For many people, owning a home in Australia is the ultimate Aussie dream. And that dream is no different for new migrants making Australia their home. When it comes to buying a house in Australia as a migrant though, there are a few rules you need to know about to pave the way to home ownership. Read on to find out what your options are as a migrant on a temporary visa or as a permanent resident buying property in Australia.
Australia has strict guidelines for foreign non-residents and temporary residents who wish to purchase property in Australia. Temporary residents are required to obtain approval to purchase from the Foreign Investment Review Board (FIRB). The FIRB is a governing body ensuring all residential properties are bought in compliance with the Foreign Acquisitions and Takeovers Act (1975).
According to the FIRB, a temporary resident is someone who:
• Holds a temporary visa that permits them to remain in Australia for a continuous period of more than 12 months (regardless of how long remains on the visa).
• Is residing in Australia, has submitted an application for a permanent visa, and holds a bridging visa which permits them to stay in Australia until that application has been finalised.
If your temporary visa is less than 12 months you are considered to be a foreign non-resident. Temporary residents and foreign non-residents are subject to various rules when purchasing residential property in Australia.
The FIRB guidelines state that you must have approval before a property can be purchased in Australia. As a temporary resident, you may be able to purchase a new dwelling or an established dwelling.
New dwellings are homes built on residential land which have not been previously sold, not been previously occupied, or are part of a development sold by the developer. A refurbished or renovated property is not considered a new dwelling, but vacant land bought for development is deemed a new dwelling – for example, home and land packages.
Established dwellings refer to residential properties that are on the secondary market. If as a temporary resident you move out of the established dwelling, it must be sold within 3 months.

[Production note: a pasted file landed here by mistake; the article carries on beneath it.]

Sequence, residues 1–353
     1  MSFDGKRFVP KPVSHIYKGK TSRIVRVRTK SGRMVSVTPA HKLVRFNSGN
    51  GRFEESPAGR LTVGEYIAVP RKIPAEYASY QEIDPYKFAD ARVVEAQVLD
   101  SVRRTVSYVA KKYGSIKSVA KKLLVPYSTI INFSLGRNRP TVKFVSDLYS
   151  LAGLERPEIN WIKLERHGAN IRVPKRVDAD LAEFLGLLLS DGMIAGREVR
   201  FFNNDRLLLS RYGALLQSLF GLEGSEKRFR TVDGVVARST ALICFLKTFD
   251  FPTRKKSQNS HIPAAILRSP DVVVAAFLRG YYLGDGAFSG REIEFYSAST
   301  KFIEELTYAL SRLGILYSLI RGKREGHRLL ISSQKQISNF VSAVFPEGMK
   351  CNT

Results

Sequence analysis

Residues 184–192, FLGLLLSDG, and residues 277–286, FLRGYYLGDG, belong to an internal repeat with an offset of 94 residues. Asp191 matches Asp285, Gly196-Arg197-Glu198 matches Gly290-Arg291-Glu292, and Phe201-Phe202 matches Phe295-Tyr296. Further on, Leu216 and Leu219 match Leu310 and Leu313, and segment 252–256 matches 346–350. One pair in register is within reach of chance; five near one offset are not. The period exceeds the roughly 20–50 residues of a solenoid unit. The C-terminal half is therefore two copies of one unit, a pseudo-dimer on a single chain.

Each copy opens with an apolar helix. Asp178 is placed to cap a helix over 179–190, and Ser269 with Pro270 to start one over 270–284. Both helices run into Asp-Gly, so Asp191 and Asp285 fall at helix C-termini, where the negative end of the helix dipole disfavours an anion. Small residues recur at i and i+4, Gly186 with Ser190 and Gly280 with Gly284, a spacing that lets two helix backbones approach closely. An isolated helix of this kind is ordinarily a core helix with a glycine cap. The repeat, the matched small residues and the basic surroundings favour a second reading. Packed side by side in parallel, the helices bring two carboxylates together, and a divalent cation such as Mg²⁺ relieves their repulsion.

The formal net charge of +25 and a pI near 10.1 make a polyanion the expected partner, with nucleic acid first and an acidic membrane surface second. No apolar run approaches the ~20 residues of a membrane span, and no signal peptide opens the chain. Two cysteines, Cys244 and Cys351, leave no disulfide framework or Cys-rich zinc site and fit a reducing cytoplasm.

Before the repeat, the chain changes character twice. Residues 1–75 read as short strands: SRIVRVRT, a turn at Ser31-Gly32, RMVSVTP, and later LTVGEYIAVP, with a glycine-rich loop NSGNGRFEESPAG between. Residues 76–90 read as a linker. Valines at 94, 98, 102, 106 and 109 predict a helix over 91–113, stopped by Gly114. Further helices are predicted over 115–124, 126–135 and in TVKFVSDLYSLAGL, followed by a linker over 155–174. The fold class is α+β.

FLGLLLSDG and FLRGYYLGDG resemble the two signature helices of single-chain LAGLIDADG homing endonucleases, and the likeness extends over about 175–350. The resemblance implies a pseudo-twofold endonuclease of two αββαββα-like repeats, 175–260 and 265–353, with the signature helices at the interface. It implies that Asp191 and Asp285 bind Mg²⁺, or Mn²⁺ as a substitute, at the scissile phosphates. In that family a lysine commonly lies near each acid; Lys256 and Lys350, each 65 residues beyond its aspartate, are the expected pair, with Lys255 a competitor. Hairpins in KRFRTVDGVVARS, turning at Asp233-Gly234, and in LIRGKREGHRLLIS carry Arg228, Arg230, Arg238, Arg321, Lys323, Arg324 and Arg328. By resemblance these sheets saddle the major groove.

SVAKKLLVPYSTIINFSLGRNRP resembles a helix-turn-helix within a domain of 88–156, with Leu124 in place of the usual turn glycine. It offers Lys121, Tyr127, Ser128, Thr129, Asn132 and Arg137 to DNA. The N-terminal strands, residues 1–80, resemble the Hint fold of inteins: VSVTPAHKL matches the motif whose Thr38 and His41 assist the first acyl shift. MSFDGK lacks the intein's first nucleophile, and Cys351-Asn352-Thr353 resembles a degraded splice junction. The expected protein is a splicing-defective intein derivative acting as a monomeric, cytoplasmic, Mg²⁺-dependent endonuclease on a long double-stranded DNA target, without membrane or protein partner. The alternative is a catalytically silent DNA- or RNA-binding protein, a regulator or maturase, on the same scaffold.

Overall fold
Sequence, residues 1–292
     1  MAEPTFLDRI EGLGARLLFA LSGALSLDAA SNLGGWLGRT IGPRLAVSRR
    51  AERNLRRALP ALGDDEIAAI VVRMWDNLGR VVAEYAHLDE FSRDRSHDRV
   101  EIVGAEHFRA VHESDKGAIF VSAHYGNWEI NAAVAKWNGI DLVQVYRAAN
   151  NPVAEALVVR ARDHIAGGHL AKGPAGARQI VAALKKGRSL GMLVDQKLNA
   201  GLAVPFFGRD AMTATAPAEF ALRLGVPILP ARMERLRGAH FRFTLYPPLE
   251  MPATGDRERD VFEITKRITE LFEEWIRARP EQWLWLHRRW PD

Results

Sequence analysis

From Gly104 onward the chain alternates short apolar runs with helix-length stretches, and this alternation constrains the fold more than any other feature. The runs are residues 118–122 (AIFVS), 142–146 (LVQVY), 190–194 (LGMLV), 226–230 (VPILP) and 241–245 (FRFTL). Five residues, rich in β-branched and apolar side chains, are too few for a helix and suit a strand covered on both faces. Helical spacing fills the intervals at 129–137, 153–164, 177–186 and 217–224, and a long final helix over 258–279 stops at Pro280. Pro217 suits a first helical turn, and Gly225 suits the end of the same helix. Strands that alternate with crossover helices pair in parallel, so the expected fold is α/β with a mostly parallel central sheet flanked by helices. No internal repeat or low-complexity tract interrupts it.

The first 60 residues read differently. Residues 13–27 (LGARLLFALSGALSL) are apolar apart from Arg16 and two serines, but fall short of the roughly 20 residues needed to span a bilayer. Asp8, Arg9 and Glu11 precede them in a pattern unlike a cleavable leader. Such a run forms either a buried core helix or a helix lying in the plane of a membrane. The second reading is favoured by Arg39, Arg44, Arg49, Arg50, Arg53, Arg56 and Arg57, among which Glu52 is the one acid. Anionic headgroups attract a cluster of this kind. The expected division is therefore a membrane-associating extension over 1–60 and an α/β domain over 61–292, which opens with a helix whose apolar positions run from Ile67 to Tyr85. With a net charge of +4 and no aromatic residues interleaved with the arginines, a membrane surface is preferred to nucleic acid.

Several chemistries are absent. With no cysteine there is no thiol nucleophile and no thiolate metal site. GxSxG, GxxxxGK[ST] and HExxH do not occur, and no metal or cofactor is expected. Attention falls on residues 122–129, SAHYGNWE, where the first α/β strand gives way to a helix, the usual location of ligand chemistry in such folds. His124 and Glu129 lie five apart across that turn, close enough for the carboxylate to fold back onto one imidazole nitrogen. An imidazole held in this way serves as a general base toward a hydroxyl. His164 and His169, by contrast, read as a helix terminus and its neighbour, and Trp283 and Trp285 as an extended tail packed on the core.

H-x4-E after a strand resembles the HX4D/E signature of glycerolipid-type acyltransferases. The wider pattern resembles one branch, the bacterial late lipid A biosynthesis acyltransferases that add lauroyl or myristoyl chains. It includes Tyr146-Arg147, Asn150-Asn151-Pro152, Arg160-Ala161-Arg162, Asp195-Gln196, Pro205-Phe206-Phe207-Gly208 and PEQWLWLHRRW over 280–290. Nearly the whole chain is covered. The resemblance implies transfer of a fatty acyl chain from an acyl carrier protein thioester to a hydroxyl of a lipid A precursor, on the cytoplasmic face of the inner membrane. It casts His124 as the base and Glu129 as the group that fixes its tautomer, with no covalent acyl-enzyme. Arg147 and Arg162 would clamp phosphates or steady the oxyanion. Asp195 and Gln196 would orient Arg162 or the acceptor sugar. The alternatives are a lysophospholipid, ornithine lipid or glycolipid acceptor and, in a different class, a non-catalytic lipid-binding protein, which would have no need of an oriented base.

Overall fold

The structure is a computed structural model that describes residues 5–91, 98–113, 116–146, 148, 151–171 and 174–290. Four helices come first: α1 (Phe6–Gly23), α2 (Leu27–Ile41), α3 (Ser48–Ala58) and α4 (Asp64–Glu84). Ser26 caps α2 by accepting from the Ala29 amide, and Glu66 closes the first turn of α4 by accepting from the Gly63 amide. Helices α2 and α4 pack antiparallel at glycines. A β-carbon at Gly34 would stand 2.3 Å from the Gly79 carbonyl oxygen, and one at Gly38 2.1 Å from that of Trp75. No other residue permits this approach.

You can purchase property as an investment to rent out provided these are new dwellings. You can only purchase one established dwelling to live in and you cannot rent that out.
When it comes to buying property, Australian permanent residents have the same rights as Australian citizens in that there are no FIRB restrictions for permanent residents.
First Home Owner’s Grant
Temporary residents do not qualify for the First Home Owner’s Grant (New Homes) scheme designed to help new homeowners. However, permanent residents may apply to the scheme.
Each Australian state has different qualifiers for grants, ranging from $10,000 to $20,000. The grants are awarded to first-time homeowners for new homes or other qualified residential properties that cost between $550,000 to $750,000 depending on your state.
Different rules will apply to each state FHOG so it’s worthwhile seeking advice from your local mortgage broker if you are considering accessing this type of funding.
Work with an expert
Securing a mortgage as a new migrant can be challenging. Banks may require identification, FIRB qualification, proof of legal residence, as well as documents to back up your credit history and mortgage affordability.
At Mortgage Express, we’re experienced at helping new migrants buy their own homes and can talk you through your options for finance. Get in touch with one of our brokers today by completing this online form, and one of our team will be in touch to discuss further.
While all care has been taken in the preparation of this publication, no warranty is given as to the accuracy of the information and no responsibility is taken by Finservice Pty Ltd (Mortgage Express) for any errors or omissions. This publication does not constitute personalised financial advice. It may not be relevant to individual circumstances. Nothing in this publication is, or should be taken as, an offer, invitation, or recommendation to buy, sell, or retain any investment in or make any deposit with any person. You should seek professional advice before taking any action in relation to the matters dealt within this publication. A Disclosure Statement is available on request and free of charge.
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